Int J Curr Pharm Res, Vol 9, Issue 1, 36-39Original Article



Department of Pharmaceutics, Srinivas College of Pharmacy, Valachil, Mangalore 574143, Karnataka, India

Received: 20 Sep 2016, Revised and Accepted: 15 Nov 2016


Objective: World Health Organization estimated that 80% of people worldwide rely upon herbal medicines for some aspect of their primary healthcare. For most of the herbs, the specific ingredient that causes therapeutic effect is not known. Bacterial infections are one of the prominent causes of health problems, physical disabilities and mortalities around the world. Plants have been used in medicine as antimicrobial agents since ancient times could provide a promising solution for drug-resistant species. The present study involves comparison of the antibacterial activity of ethanolic extract leaves of Tectona grandis (teak), Mangifera indica (mango), and, Anacardium Occidentale (cashew).

Methods: Authentication, morphological studies and phytochemical screening studies on alcoholic extracts of leaves were carried out. Antibacterial activity was carried out by using different concentrations of extracts on bacterial strains of Staphylococcus aureus, Escherichia coli and Pseudomonas aeruginosa by using agar well diffusion method and results were compared.

Results: Preliminary phytochemical screening of extracts revealed the presence of alkaloids, glycosides, saponins, resins, tannins and flavonoids. Antibacterial activity was observed in the concentration range of 25-100 mg/ml for all the extracts except T. grandis leaves. They are effective at 50-100 mg/ml concentration.

Conclusion: Comparison of results reveals that leaves of T. Grandis have less antibacterial activity compared to M. Indica and A. Occidantale extracts.

Keywords: Teak, Mango, Cashew Leaves Extracts, Phytochemical Screening, Antibacterial activity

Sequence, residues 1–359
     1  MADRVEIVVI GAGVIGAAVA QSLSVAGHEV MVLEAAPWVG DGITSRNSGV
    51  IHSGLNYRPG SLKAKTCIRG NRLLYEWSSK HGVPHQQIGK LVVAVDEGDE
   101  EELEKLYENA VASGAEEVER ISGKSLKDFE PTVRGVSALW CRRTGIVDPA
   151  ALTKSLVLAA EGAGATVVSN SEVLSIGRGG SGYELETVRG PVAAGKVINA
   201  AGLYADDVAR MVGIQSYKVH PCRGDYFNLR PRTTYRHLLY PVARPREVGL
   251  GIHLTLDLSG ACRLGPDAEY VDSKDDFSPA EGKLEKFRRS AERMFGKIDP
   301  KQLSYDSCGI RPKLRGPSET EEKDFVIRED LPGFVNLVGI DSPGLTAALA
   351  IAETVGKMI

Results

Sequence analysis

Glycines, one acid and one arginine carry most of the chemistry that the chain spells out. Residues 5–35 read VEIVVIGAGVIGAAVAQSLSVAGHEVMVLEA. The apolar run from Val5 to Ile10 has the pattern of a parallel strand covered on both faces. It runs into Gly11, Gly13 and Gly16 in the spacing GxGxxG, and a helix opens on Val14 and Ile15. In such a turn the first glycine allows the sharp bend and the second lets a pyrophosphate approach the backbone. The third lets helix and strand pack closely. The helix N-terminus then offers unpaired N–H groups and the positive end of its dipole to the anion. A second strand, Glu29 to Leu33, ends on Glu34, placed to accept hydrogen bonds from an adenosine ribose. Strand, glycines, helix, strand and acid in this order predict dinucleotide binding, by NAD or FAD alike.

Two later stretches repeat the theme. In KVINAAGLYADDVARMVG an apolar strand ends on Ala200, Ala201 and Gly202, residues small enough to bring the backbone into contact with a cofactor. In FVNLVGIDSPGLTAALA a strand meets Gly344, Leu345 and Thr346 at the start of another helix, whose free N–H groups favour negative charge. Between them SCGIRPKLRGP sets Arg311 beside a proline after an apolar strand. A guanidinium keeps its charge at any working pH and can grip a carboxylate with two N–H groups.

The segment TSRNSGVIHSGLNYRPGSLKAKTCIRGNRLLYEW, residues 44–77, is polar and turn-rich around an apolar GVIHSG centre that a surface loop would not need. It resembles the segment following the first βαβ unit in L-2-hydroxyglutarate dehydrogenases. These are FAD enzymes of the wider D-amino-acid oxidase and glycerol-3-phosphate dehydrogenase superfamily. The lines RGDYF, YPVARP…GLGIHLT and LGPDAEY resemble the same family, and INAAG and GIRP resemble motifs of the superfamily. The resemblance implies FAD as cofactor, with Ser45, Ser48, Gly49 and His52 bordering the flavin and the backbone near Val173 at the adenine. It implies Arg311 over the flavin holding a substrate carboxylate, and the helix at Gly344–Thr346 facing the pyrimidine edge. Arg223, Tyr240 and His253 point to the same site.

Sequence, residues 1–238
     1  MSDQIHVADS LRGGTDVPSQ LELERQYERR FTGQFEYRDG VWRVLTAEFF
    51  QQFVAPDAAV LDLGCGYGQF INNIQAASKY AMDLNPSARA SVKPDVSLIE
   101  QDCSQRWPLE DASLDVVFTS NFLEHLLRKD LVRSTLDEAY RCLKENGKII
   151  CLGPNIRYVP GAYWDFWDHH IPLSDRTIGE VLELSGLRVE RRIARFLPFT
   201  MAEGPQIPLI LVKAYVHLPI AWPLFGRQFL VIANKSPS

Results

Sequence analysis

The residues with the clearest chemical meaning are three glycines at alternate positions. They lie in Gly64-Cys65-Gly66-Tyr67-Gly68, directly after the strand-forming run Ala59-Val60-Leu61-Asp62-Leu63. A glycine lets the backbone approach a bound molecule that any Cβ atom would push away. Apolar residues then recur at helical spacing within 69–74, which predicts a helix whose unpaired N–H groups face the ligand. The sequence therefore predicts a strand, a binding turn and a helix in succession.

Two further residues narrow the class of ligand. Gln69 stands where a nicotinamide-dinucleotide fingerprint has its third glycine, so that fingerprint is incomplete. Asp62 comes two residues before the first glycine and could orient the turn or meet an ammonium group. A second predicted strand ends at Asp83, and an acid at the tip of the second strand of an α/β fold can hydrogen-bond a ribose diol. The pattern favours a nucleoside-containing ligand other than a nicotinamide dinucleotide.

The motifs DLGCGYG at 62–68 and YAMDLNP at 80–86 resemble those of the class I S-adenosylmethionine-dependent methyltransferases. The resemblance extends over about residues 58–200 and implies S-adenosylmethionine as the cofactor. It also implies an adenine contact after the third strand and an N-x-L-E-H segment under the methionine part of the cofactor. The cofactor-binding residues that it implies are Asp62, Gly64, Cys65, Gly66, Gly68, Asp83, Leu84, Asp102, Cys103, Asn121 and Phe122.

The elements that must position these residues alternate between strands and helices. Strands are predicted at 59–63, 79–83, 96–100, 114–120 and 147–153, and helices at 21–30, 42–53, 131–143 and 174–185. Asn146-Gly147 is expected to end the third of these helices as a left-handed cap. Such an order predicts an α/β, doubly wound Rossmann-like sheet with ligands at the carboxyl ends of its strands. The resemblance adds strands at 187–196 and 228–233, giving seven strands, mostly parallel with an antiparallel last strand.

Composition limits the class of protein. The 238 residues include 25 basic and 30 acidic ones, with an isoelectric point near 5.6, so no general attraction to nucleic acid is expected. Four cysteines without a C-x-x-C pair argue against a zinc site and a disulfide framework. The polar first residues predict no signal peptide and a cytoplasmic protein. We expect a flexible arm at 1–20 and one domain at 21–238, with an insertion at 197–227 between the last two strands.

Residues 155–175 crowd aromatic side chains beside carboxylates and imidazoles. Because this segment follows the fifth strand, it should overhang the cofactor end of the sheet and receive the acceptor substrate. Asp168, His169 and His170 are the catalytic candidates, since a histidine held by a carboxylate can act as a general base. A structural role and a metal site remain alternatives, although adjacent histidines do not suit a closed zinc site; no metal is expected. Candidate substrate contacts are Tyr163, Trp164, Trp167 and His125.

Herbal medicine has become an item of global importance both as medicinal and economical. The use of plant and plant products for therapeutic use is known since time immemorial. Herbs are used to treat various infectious diseases worldwide. They are most effective, cheaper and alternative sources of drugs. Plants play a vital role in curing various ailments and herbal remedies are getting increasing patient compliance as they are devoid of typical side effects of allopathic medicines. The effective plant constituents can combat human and plant pathogenic bacteria, fungi and virus without any side effects and environmental hazards. Due to this favourable reason, search for plant products with antimicrobial properties intensified in recent years [1-3]. Although usage of these herbal medicines has increased, their quality, safety and efficiency are serious concerns in industrialised and developing countries.

Bacterial infections are one of the prominent causes of health problems, physical disabilities and mortalities around the world. Plants that have been used in medicine as antimicrobial agents since ancient times could provide a promising solution for drug-resistant species. The natural products are found to be more effective with least side effects as compared to commercial antibiotics this is why they are used as an alternate remedy for the treatment of various infections. The most essential of bioactive constituents of plants are alkaloids, tannins, flavonoids and phenolic compounds. Bioactive constituents have found applications as naturally occurring antimicrobial agents in the field of preservation, pharmaceutics, phytopathology, etc. Increasing failure of chemotherapeutics and the resistance exhibited by pathogenic microbial infectious agents against antibiotics have led to the screening of medicinal plants for their potential antimicrobial activities [4, 5].